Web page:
Another twist in the fairy-tale story of Brian’s life came in 2009, as 8FIVE2SHOP and 24Herbs thrived with growing success, when the multi-hyphenate man received a call from screenwriter Felix Chong of “Infernal Affairs” to star in his debut directed film, “Once a Gangster.” At the same time, Brian was pitched and starred as a cameo for Wing Shya’s “Hot Summer Days.”
A big break in Brian’s silver screen career arrived in 2012 when his agent received a call to audition him for “Man of Tai Chi” starring Keanu Reeves. “I travelled to Beijing to meet with him and shadowed for a whole month in the filming. When he came to Hong Kong for shooting, we [ate] fried chicken wings and ramen with him. I invited him to 8FIVE2. The dudes in there freaked out when they saw him there!”
“The satisfaction [of acting] is pretty amazing, it’s like landing a trick. People convinced me to go for it and I'm thankful. I owe it to Felix Chung who gave me the opportunity. I don’t push for it but I look for the right opportunities to make my breaks. People will see me on the silver screen next time, and say, oh, it’s that guy!”
“I am hoping one day I can be the leading actor, but I’m not chasing it. Wherever there’s an acting role, I’m hyped and I’m taking it.”
However, Brian’s story doesn’t stop just there. As transpired in our interview with him, whatever is missing in Hong Kong, he wants to provide it. And in 2015, that happened to be the city’s first premium men’s hair grooming chain, Handsome Barber Factory. “I love classical stuff,” he said.
“I had always wanted to open a barbershop, ever since 2005. Hong Kong is a melting pot city. Everyone coming to town would ask me, where’s the barbershop? I would answer, we don’t have one. A few years ago, it sounds like we needed to open one. A shop with an authentic 1950s barbershop experience.”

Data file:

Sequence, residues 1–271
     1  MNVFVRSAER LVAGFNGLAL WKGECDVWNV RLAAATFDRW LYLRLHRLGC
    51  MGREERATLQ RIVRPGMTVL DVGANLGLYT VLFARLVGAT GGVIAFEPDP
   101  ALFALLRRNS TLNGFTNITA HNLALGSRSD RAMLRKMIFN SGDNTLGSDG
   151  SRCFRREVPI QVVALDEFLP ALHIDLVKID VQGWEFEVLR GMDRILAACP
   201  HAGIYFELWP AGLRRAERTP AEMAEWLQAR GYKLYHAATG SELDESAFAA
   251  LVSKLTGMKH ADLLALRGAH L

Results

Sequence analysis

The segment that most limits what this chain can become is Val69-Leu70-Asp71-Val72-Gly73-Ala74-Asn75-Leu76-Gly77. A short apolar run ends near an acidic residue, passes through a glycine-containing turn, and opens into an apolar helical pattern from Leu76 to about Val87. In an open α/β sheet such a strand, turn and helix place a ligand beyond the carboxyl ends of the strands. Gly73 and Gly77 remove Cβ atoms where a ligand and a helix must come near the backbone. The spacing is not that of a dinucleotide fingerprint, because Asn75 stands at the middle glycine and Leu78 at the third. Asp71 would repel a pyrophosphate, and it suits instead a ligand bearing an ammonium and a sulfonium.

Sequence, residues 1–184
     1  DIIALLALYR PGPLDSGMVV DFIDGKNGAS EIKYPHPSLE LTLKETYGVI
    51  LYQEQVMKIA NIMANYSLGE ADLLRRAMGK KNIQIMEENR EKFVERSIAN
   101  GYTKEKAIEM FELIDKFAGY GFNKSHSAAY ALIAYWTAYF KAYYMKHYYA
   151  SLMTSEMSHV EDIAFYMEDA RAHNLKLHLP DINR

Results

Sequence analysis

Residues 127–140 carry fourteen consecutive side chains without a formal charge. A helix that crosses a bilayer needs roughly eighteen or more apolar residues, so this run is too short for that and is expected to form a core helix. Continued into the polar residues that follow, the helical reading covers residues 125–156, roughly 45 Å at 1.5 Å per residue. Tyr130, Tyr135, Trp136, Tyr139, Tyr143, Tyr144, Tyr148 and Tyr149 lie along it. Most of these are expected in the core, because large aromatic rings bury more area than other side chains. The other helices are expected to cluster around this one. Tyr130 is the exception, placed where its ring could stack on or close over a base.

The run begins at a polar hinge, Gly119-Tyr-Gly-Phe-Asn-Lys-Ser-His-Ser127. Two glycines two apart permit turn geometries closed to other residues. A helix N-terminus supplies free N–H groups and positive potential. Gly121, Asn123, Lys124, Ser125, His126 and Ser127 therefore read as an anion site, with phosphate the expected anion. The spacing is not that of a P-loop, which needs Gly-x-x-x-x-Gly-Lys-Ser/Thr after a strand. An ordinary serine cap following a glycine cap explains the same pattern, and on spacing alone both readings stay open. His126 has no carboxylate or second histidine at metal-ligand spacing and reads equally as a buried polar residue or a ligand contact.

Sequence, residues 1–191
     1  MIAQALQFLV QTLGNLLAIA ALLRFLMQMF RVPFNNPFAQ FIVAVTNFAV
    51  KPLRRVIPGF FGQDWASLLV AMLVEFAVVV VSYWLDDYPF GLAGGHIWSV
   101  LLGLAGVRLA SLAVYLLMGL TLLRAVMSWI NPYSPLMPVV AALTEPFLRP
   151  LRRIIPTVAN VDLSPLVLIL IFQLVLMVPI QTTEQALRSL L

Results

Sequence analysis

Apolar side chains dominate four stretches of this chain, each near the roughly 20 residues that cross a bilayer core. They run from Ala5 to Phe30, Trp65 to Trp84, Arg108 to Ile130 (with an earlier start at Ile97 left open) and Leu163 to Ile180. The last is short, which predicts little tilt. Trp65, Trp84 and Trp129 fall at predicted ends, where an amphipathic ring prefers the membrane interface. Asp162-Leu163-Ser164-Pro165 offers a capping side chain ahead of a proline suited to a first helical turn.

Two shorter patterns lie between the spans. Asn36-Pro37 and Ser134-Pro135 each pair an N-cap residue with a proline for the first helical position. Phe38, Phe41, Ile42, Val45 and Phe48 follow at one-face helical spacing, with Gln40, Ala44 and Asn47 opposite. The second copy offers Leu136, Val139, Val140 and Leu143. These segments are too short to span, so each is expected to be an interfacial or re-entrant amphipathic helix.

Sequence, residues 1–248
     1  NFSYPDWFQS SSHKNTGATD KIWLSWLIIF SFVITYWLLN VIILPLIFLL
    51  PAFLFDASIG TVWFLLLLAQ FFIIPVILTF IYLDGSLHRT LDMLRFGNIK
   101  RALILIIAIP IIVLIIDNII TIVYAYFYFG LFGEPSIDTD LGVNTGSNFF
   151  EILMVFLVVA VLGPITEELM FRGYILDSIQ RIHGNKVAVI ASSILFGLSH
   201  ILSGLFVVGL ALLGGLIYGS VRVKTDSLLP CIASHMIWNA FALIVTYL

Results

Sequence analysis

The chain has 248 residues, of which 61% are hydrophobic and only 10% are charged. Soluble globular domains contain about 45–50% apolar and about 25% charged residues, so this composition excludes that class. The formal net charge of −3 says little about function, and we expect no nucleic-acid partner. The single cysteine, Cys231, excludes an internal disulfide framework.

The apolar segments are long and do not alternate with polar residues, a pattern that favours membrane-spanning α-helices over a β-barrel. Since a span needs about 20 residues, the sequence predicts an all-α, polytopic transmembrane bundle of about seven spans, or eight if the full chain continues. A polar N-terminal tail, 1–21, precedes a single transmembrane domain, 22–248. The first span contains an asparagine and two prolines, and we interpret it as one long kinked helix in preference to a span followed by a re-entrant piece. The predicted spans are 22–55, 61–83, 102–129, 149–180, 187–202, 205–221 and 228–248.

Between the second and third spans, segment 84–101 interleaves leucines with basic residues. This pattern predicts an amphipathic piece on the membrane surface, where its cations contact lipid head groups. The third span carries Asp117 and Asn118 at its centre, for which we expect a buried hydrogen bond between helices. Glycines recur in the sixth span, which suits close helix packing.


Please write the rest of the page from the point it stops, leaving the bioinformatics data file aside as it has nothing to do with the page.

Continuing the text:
Brian enlisted the help of partner Jeffrey Chong and master barber Ball Ng to open Handsome Factory’s first chain store on Haven Street in Causeway Bay. From 2015 onwards, Brian and Jeff enlisted a team of 40 trained barbers, opening two stores in Causeway Bay, two in Central, as well as in Wan Chai, Tsim Sha Tsui, and Lane Crawford IFC.
Recently, Brian has returned to his rapping fever, inaugurating Hong Kong’s first exclusive hip-hop/rap music ceremony, What’s Good Music Awards 2022, held on Aug. 6. As a tribute to a scene that has exploded following the creation of 24Herbs, Brian and Phat sought to pay back and acknowledge the male and female artists building the local hip-hop industry.
"We wanted to build this platform to acknowledge these people. We want these artists to have a platform, hopefully, so that they can make a living out of their art. We need more real representation in the industry.”
With 8FIVE2 and Handsome Factory led by trusted friends, Brian is set on driving his acting career, appearing in a 20-episode TV series for local channel Viu.TV and a Malaysian-Hong Kong action film production in September, October, and November. “I still love learning the whole process [of making a film], working with hundreds of people to make it happen,” he said.
Like everything in his storied Hong Kong life, he is distinctly resolute about his committing to his passions and goals. “What I believe in is what I really believe in. I pour my 110% into everything. I f*cking do shit and make it happen.”
"Always stay loyal,” Brian said, ending our interview, a humble phrase that the street icon follows every day.